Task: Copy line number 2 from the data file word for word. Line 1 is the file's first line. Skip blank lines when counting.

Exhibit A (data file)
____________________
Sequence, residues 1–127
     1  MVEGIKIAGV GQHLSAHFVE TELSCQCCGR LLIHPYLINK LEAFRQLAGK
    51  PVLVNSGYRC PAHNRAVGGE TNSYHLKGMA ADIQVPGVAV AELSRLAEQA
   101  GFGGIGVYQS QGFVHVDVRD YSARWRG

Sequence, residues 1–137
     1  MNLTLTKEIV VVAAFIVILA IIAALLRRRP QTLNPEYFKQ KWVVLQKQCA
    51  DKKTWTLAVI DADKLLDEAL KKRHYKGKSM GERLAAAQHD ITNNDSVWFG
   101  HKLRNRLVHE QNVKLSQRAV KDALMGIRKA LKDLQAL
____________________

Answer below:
     1  MVEGIKIAGV GQHLSAHFVE TELSCQCCGR LLIHPYLINK LEAFRQLAGK